Stop cleansing your historical shipment data!


104643023The real reason companies cleanse the historical demand is that traditional forecasting solutions were unable to predict sales promotions or correct the data automatically for shortages, or outliers. To address the short comings of traditional technology, companies embedded a cleansing process of adjusting the demand history for shortages, outliers, and promoted (incremental) volumes by seperating them from the baseline volume. The theoretical rationale for manually adjusting (cleansing) demand history by removing promotional spikes and outliers supposedly improves the forecast results. Furthermore, it is believed that cleansing the actual history will produce a true historical baseline.  In practice cleansing data does not improve forecast accuracy.  On the contrary, it actually makes the forecast less accurate.  This is primarily a result of the statistical methods being deployed in the technology--mainly exponential smoothing methods--which are not capable of measuring and predicting sales promotions or automatically correct for shortages and outliers.

In my experience any manual adjustments to the historical demand data or to the future demand forecast tends to make the forecast less accurate due to personal bias whether intended or not.  Yet, close to 70% of companies continue to adjust historical sales data for trend and seasonality according to a 2014 Industry Week Research Report (see Figure 1).

Demand Information

Fig. 1 - Sources of Demand Information

Exponential smoothing methods can only measure trend and seasonality. As a result, the related sales promotional data had to be eliminated from the history, as well as adjusting for shortages (outliers). After cleansing the demand history the baseline is modeled using a moving averaging or an exponential smoothing method — which was essentially forecasting smoothed trend and seasonality simulating a moving average — the sales promotion volumes are then layered back using judgment.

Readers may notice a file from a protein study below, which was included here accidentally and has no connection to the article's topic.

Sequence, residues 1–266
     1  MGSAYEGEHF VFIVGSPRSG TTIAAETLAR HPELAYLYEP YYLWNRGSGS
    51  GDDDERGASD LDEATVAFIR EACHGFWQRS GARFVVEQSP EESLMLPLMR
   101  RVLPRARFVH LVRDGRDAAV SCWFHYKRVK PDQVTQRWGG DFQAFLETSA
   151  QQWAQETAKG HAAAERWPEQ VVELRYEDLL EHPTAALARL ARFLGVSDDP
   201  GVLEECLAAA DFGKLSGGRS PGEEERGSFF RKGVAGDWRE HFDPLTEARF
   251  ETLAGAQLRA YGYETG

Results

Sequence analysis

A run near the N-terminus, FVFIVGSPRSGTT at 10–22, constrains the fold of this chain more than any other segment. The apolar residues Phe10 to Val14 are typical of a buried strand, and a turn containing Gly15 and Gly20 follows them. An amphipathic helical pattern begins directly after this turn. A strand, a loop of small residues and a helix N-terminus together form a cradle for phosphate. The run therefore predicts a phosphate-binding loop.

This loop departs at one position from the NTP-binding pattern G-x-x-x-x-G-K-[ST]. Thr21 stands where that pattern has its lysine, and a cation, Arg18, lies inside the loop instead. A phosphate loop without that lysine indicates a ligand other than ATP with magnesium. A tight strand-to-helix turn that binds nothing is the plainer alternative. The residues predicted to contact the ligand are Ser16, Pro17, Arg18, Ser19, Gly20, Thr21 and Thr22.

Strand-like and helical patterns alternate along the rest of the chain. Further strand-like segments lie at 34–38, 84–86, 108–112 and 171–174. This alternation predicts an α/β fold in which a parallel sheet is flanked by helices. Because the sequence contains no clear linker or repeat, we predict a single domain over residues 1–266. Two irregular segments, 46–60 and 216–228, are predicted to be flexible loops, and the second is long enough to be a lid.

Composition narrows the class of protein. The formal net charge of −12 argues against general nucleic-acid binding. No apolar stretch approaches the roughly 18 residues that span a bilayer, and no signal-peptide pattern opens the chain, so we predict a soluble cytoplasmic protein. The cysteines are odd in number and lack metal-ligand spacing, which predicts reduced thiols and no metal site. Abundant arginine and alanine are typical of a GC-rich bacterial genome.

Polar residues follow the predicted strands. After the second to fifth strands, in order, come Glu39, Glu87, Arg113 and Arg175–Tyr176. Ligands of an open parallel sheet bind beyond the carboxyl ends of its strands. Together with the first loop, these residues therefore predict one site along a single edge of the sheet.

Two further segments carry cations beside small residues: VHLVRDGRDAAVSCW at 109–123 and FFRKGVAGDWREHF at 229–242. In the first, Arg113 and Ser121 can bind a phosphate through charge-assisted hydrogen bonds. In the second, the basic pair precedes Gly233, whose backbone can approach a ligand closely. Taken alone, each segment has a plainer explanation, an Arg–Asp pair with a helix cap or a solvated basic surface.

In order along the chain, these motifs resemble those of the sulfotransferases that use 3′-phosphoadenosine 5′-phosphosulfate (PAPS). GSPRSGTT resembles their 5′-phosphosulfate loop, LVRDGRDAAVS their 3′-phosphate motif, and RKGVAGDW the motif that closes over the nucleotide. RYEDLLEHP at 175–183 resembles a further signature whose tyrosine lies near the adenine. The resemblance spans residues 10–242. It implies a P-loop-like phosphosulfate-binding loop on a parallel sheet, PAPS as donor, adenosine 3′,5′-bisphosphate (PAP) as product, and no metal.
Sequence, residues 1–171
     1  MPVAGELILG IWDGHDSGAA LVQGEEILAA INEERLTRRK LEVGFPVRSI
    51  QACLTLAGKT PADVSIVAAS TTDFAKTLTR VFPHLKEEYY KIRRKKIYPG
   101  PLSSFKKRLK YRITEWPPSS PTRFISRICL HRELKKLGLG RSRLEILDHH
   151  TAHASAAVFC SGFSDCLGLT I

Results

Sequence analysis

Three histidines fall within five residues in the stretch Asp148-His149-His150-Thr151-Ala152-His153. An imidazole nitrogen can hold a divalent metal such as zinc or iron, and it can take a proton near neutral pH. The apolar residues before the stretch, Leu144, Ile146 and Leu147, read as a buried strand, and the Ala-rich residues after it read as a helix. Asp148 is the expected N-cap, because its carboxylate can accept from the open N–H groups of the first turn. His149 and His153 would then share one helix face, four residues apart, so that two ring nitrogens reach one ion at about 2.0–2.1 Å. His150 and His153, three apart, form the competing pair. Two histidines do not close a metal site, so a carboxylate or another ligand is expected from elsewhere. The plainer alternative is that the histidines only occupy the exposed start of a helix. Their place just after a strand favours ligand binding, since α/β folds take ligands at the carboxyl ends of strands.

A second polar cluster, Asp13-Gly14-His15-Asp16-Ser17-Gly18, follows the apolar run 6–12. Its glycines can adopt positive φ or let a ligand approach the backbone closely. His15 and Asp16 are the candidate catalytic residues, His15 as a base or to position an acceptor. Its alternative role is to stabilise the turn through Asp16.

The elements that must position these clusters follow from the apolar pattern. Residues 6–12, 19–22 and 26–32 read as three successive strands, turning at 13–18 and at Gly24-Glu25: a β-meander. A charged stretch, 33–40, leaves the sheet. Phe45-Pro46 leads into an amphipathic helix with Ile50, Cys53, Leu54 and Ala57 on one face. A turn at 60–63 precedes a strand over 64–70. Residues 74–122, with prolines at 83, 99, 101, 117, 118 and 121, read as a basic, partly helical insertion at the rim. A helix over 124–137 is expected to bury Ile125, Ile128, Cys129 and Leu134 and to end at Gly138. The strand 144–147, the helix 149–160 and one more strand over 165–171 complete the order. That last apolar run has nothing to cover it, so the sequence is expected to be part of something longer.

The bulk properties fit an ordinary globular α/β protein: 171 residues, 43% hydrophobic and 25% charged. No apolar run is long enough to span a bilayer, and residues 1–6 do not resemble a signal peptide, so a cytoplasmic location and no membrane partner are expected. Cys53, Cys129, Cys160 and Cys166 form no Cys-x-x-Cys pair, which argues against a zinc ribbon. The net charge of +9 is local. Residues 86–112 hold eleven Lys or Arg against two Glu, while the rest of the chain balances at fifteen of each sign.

Exponential smoothing methods are traditionally deployed in over 90% of demand forecasting and planning solutions. So, a cleansing process needed to be adopted to seperate baseline demand (primarily trend and seasonality) from promotional spikes and outliers.  Those anomilies were then either eliminated or adjusted accordingly using judgment, and then, layered back on top of the baseline volume.

Today, new demand forecasting and planning solutions can holistically model trend, seasonality, sales promotions, price, and other related factors that influence demand using predicative analytics (see Figure 2).

Holistic Model Methodology

Fig. 2 - Holistic Model Methodology

In addition, these same models can automatically correct for shortages and outliers without cleansing the actual demand history. Methods such as ARIMA, ARIMAX, dynamic regression, and Unobserved Component Models (UCM) can be deployed up and down the business hierarchy to holistically model trend, seasonality, sales promotion lifts, price, in-store merchandizing, economic factors and more. Intervention variables (dummy variables) can be used to automatically adjust the demand history for shortages and outliers. There is no longer a need to cleanse the demand history for shortages, outliers, and sales promotional spikes. In fact, these same predictive methods can measure the impact of sales promotions, calculate the lift volumes and predict the future lifts in different time intervals based on marketing event calendars. In addition, the commercial teams (sales and marketing) can spend more time running "What If" simulations with precision, rather than judgmentally layering back the promotion volumes to the baseline volume.

Manually cleansing historical demand? Let’s make that history.


About Author

Charlie Chase

Executive Industry Consultant/Trusted Advisor, SAS Retail/CPG Global Practice

Charles Chase is the executive industry consultant and trusted advisor for the SAS Retail/CPG global practice. He is the author of Next Generation Demand Management: People, Process, Analytics and Technology, author of Demand-Driven Forecasting: A Structured Approach to Forecasting, and co-author of Bricks Matter: The Role of Supply Chains in Building Market-Driven Differentiation, as well as over 50 articles in several business journals on demand forecasting and planning, supply chain management, and market response modeling. His latest book is Consumption-Based Forecasting and Planning: Predicting Changing Demand Patterns in the New Digital Economy. To learn more, please see his Author page.

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